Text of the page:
Here’s a great story, with a bit of humor, about living aboard a canal boat in the heart of London (which apparently 10,000 people actually do). It talks about the six lessons learned from that experience. I know from my own living aboard days, in Norwalk Cove, Connecticut, on my Grand Banks 36, that those lessons are universal to the living aboard lifestyle, and not just limited to the UK.
Many years ago, I interviewed Richard Branson (before he was Sir Richard Branson) on his canal boat in London. He was using it as a private office, a place to get away for thinking and relaxing, when he was running Virgin Records. It was just before his first attempt to set a Transatlantic speed record from New York – which failed when the boat sank just short of England; he did set the record a year later. But it was one of the most fun interviews I’ve ever had.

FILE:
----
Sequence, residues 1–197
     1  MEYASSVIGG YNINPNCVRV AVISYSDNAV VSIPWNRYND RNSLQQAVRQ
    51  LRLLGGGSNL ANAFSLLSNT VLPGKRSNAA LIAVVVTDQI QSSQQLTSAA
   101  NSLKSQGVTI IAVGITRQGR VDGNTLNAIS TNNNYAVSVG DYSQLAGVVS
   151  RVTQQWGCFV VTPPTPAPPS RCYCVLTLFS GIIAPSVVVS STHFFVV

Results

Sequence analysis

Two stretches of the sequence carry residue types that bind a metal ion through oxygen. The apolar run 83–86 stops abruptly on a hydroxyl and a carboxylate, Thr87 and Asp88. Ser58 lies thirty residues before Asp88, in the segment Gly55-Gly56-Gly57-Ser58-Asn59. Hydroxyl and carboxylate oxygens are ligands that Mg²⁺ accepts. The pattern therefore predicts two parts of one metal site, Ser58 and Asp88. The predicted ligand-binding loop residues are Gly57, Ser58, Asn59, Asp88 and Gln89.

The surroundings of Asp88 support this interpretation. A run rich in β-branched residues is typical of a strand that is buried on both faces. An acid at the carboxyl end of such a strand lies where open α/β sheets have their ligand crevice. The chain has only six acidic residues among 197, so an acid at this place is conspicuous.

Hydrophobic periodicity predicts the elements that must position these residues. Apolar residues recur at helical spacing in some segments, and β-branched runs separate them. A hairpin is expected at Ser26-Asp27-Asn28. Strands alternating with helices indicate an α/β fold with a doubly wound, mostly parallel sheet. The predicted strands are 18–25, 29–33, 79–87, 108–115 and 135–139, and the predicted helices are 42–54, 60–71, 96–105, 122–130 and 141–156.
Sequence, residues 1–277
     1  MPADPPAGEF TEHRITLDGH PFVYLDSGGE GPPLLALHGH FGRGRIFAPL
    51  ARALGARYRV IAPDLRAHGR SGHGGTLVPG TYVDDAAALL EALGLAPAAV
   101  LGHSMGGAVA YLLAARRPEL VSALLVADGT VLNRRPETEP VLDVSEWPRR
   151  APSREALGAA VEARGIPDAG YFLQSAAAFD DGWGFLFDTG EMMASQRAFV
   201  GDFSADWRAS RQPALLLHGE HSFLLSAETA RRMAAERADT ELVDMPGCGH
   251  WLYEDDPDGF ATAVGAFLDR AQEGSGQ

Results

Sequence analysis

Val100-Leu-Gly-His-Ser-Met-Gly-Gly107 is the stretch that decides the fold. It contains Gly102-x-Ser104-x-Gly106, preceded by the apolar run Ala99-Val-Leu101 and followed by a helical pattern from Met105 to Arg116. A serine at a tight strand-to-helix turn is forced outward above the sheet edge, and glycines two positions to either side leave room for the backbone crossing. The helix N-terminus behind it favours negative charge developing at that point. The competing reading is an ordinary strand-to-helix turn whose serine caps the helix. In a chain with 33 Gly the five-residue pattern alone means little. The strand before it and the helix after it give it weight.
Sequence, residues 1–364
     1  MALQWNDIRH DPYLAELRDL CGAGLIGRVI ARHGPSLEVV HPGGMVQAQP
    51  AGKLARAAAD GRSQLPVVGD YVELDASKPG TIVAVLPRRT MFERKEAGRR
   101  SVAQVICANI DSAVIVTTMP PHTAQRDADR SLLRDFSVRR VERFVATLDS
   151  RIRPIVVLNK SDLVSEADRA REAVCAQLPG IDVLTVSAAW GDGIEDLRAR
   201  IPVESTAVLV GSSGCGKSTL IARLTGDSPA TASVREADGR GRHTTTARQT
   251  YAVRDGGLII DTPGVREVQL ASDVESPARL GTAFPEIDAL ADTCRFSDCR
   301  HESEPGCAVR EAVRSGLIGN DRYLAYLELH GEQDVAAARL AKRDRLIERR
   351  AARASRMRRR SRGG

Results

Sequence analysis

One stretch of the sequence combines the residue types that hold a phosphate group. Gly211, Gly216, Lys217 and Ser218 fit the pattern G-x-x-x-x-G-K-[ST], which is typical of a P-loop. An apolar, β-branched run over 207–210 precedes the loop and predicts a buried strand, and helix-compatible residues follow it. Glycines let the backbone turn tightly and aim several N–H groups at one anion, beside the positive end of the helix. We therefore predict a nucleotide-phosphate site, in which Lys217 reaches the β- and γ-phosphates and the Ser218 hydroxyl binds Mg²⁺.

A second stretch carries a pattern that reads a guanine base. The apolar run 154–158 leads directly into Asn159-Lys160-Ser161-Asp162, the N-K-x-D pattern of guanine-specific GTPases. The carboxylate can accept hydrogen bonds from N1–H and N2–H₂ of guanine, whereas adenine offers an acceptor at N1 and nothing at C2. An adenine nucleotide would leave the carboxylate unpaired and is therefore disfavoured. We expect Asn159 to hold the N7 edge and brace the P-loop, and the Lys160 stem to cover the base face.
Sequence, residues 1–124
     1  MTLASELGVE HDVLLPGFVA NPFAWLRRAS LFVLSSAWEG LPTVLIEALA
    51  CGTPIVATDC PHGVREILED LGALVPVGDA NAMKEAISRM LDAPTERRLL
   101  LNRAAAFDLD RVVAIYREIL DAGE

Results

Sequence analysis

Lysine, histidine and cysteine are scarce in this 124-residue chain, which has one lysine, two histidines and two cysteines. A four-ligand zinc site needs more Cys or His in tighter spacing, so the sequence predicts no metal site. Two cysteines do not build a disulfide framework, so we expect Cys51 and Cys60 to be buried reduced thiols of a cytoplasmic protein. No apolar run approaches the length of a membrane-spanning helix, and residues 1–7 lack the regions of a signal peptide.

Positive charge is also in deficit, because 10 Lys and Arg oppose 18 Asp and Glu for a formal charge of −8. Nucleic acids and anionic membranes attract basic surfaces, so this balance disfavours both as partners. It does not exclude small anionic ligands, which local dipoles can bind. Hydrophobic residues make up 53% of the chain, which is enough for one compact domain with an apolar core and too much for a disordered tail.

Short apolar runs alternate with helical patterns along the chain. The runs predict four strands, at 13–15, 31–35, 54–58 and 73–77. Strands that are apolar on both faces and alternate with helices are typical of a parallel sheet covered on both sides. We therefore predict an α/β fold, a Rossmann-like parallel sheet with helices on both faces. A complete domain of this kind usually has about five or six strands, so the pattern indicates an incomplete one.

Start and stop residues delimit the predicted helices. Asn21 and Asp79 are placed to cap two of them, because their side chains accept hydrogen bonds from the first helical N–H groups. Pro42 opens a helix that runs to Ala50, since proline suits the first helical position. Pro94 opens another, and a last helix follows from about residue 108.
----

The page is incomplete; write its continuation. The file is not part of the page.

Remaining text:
No matter where you are, living aboard is such a special situation that I think you remember it as a highlight for the rest of your life. You learn to live with very little space, you’re much more in touch with nature and the environment, and you’re also much more aware of the kindness and proximity of your neighbors and your immediate boating community. Here’s the London story about the six lessons learned from this experience, including a video that shows how to make the most out of limited space: